The Google Chrome browser will continue to accept third-party cookies, after the internet giant’s plan to remove them completely has been delayed by pressure from lawmakers and regulators.
Cookies are small pieces of information stored in the browser, which can be used to save data such as the session of the pages we use; but they are also very useful for tracking users on the Internet, registering all the pages they visit and their interests. It is thanks to these cookies and other technologies that we see personalized advertisements, for example.
Google’s empire has been built largely thanks to these types of cookies, but times have changed; privacy is increasingly important to users, and there are already browsers that completely block these cookies. The solution, according to Google, is a new system called FLoC (Federated Learning of Cohorts), which instead of tracking specific users, puts them in large groups of common interests.
Google’s goal was to take advantage of the great popularity of its Chrome web browser to implement this technology so that websites and other advertising companies have no choice but to use it. But that plan has suffered another setback.
Today, Google has confirmed that Chrome will continue to have third-party cookie support at least until mid-2023, a year after it was announced. Furthermore, the company admits that this implementation is subject to agreements with the UK authorities; But these are not the only ones that have warned of possible problems, both due to monopoly practices and privacy. Last April, the top data protection officers in France, Germany and Belgium confirmed that they were following in Google’s footsteps with interest.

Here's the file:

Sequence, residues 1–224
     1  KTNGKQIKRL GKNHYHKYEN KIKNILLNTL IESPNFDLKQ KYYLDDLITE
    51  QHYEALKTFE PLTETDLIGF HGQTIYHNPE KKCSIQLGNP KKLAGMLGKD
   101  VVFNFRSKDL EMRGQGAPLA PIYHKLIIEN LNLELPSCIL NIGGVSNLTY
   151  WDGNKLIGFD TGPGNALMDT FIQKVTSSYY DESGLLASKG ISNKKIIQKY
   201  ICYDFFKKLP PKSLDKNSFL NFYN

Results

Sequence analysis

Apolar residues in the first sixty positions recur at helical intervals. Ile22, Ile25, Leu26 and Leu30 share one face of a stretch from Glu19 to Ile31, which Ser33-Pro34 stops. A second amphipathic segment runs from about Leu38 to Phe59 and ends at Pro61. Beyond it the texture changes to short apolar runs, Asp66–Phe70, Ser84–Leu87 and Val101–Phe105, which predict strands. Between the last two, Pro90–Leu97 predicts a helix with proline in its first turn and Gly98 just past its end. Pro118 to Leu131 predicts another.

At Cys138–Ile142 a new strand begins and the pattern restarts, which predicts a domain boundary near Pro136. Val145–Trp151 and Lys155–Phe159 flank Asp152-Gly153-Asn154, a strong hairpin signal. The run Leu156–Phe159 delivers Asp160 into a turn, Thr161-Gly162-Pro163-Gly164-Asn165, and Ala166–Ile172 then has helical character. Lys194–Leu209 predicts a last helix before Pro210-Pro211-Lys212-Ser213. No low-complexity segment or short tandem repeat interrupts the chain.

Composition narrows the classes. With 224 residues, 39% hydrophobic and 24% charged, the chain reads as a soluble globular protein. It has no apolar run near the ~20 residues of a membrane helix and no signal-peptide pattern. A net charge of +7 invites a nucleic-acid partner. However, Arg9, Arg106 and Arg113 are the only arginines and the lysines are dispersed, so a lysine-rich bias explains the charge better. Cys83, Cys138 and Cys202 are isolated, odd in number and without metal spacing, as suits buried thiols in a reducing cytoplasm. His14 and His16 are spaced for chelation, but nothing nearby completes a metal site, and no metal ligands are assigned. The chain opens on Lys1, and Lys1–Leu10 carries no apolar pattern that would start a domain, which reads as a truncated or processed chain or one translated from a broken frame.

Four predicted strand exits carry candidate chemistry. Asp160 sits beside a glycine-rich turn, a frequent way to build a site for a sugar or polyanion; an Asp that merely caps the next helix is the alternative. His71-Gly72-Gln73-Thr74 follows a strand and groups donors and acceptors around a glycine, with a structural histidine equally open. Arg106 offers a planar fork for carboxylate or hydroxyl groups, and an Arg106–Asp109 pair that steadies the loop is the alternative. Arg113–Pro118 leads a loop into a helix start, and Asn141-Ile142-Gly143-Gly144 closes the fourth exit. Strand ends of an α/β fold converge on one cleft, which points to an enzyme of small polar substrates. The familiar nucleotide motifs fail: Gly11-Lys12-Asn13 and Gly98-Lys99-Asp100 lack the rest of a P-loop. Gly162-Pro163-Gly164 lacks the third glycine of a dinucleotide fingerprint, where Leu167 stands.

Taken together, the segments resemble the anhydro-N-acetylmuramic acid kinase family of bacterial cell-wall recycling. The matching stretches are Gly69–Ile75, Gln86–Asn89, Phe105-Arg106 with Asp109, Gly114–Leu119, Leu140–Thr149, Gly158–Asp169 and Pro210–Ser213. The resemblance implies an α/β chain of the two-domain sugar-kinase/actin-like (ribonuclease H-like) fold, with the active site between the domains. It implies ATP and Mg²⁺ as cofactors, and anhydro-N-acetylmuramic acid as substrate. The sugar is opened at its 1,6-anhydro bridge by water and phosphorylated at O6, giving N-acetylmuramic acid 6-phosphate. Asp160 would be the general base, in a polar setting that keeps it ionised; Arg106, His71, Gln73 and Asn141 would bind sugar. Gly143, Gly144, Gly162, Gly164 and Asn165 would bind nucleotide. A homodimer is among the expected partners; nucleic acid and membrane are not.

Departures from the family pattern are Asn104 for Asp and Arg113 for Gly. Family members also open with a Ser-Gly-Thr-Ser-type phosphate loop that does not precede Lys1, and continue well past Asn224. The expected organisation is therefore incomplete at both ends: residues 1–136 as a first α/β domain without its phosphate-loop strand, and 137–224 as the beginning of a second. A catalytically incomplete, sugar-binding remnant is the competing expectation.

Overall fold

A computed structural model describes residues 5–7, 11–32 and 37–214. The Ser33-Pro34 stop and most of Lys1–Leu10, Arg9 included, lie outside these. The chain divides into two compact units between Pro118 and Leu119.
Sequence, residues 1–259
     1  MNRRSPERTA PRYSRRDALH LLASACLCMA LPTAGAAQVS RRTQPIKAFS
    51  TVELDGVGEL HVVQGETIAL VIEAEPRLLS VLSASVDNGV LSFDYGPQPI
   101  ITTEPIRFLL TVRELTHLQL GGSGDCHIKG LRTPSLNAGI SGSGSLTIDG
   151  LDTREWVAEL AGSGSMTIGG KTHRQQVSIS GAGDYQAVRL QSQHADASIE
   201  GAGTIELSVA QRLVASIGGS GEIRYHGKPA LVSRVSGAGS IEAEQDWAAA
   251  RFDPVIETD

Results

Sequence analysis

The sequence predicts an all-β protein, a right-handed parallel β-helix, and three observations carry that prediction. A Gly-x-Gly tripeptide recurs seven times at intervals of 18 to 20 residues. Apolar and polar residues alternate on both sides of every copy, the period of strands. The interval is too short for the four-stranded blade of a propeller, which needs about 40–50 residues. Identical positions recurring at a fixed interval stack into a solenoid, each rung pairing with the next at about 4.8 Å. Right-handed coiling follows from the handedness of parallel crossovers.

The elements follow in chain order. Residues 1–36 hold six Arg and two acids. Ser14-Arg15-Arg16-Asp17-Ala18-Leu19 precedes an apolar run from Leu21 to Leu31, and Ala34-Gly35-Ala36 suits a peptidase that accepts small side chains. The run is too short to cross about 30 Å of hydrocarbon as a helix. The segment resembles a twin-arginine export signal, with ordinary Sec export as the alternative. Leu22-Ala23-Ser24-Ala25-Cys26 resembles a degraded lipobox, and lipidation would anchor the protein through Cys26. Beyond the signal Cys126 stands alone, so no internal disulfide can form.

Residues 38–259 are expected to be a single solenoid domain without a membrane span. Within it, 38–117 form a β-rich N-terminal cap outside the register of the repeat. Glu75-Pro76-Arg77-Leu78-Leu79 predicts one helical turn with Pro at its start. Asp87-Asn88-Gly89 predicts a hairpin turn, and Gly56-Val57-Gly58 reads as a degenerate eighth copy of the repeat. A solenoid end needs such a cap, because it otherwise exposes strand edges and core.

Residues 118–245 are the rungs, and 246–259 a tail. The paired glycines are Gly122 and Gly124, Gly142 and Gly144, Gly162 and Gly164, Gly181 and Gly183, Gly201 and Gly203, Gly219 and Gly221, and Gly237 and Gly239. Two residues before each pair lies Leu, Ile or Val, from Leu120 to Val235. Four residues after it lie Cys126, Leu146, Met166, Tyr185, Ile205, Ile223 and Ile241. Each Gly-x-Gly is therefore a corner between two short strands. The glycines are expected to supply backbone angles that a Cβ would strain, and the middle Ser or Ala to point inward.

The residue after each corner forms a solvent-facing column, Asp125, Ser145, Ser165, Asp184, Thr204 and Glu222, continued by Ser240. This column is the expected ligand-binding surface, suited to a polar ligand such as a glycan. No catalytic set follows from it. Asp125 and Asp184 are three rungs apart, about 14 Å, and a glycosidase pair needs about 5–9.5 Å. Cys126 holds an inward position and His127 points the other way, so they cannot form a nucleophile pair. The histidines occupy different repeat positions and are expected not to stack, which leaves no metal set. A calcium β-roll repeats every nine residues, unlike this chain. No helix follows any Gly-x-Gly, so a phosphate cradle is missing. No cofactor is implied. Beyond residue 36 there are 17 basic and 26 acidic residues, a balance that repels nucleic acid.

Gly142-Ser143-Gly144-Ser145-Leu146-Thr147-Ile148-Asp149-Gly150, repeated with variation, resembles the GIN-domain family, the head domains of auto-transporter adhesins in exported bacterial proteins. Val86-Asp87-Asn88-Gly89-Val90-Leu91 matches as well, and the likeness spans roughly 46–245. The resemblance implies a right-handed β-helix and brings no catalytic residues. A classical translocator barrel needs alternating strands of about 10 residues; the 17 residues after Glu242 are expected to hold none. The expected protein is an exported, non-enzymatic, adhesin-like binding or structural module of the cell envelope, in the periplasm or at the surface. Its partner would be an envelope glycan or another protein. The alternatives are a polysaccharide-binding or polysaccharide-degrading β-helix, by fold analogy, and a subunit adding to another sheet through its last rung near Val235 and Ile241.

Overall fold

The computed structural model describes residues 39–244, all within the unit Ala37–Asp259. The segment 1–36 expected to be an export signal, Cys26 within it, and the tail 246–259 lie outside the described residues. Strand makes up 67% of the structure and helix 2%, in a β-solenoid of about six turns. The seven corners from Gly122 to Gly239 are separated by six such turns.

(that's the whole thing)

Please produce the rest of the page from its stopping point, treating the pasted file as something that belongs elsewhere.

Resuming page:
The FLoC problem
The problem is not so much in eliminating third-party cookies, which are a recognized problem, but in what will replace them, FLoC. Although Google presents it as a more private alternative, there is no shortage of critics who point out that it could serve to find out even more about Internet users.
With FLoC, the browser analyzes the pages we visit and assigns us to different interest groups ; The advertising company will show us advertisements related to our interests, but it will not be able to know more, as it can with cookies.
But, as critics like the American EFF and competitors like Brave or Vivaldi have pointed out, that does not prevent tracking a person; in fact, it could make it easier, since each interest group would be made up of only a few thousand users, and they would not have to distinguish between billions of people like now. Techniques such as “fingerprinting”, or comparison with data obtained by other methods can be used to identify a user.
This delay does not mean that Google has given up, far from it. Especially since third-party cookies may well have their days numbered, and the online advertising industry may face the biggest crisis in its history if there is no viable alternative.